This monster SUV is all about the visceral feel, and there’s still no primal call to arms like the V-8, especially with the supercharger whirring in the background. It’s not just the sound but the chunky flat-bottomed steering wheel that’s so thick on the bottom half I could hardly wrap my pointer finger to my thumb. Even the indicator stalk requires a hard click to engage, emphasizing its durability.
It rumbles as firmly as a high-end sports coupe, and even with the Bilstein adaptive dampers tuned to the softest Street mode, I felt every bit of road negligence though the Pirelli P Zero tires mounted on20x10-inch fatty wheels.
Then there’s a look that can come across as hostile, with a hood vent flanked by heat extractors like snake nostrils. The sound and look prompted my 17-year-old son to ask why someone would buy this while my 16-year-old daughter circled around it, recording, yelling at me to start it again.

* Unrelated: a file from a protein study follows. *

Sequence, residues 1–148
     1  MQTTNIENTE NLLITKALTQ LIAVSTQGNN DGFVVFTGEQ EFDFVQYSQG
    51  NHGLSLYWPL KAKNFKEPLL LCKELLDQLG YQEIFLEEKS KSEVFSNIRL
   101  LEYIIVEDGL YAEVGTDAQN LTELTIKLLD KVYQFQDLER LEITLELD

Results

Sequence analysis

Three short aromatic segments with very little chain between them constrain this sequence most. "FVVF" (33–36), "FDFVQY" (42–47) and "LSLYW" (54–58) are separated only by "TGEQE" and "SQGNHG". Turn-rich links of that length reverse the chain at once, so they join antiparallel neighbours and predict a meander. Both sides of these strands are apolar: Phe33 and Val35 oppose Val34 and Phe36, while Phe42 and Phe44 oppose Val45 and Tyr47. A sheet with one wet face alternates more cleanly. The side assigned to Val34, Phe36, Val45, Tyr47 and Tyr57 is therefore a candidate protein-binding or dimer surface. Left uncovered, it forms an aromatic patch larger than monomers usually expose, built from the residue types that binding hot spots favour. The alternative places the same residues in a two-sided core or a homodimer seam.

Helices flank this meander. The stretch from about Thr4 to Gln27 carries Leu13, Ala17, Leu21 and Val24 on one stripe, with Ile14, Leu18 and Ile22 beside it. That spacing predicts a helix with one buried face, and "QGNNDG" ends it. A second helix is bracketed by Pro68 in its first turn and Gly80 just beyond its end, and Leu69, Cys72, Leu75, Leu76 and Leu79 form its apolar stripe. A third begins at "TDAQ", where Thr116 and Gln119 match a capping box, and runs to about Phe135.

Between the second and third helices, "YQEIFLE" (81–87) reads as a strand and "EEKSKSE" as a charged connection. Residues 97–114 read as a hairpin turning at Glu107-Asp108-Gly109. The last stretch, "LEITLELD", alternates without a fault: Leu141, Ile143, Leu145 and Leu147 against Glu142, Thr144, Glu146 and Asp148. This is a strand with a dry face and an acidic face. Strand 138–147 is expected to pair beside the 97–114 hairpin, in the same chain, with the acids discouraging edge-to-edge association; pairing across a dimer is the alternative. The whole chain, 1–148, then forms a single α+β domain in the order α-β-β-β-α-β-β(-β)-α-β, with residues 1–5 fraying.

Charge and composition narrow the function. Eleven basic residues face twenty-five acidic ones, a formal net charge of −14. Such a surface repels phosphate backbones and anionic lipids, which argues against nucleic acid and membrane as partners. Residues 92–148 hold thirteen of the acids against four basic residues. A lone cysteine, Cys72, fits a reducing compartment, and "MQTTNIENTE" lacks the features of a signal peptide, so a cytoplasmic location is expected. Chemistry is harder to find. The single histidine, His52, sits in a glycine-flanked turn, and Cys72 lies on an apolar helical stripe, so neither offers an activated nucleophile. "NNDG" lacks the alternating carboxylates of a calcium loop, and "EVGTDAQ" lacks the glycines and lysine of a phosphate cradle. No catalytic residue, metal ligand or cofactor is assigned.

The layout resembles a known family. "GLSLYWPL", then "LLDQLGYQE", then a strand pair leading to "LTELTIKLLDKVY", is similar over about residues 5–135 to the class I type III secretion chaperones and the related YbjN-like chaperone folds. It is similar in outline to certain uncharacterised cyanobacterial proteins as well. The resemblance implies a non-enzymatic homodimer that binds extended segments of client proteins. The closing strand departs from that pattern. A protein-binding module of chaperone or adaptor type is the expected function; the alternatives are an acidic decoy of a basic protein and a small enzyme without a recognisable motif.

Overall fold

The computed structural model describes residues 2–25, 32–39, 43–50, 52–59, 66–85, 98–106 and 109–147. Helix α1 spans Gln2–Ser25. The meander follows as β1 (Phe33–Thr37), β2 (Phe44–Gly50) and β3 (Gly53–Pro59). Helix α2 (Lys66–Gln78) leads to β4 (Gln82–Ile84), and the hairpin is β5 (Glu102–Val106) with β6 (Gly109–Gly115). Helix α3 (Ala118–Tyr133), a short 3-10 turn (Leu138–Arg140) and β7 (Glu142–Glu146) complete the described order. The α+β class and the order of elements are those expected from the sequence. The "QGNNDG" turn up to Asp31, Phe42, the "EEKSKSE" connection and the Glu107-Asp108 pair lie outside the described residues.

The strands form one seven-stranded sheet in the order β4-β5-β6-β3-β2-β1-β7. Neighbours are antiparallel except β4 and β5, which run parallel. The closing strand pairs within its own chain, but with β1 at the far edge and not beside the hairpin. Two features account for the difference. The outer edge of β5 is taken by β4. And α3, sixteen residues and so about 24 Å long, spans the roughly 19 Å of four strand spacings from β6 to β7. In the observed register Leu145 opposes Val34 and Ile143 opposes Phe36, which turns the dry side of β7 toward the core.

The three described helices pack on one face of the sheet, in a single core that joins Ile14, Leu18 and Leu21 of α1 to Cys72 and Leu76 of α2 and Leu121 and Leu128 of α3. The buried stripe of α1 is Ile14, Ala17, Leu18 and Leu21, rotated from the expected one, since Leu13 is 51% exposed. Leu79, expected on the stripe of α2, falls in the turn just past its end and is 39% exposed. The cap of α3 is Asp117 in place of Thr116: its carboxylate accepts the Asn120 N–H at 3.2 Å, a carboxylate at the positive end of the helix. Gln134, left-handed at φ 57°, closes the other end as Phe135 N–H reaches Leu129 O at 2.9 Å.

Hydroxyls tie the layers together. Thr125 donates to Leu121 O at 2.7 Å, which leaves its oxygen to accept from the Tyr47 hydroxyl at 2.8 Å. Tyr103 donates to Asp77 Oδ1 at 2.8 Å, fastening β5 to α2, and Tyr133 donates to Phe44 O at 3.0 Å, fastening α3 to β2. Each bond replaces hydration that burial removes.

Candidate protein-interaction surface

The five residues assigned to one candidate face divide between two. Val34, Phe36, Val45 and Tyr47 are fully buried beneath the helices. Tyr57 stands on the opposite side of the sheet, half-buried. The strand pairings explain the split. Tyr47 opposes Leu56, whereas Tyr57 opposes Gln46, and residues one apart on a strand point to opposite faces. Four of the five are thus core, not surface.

Dodge does it not because it can, but because the consumer demand is strong enough to outweigh the regulatory fines, at least through the end of the year. I can’t help but appreciate the gumption, even in a house divided less by generation than by perspective.
I could have predicted the reaction when I met my brother and dad for lunch on a sunny fall day. My 82-year-old dad left his 1967 Mustang and his 2006 Shelby in the garage, opting instead for his latest toy, a Kia EV6. He parked next to my brother in his Ioniq 5. One of them gave a thumbs up to the prowling thrum of the Durango Hellcat, while the other called it so stupid. Yes to both!
- Lexus GX concept shows SUV’s active lifestyle potential
- Bespoke Rolls-Royce Cullinan is an exquisite birthday gift
- Review: The tiny Honda MotoCompacto e-scooter goes big on fun
- 2025 Lamborghini Urus PHEV will be next electrified bull
- Ringbrothers shows Tusk 1969 Dodge Charger packing 1,000 hp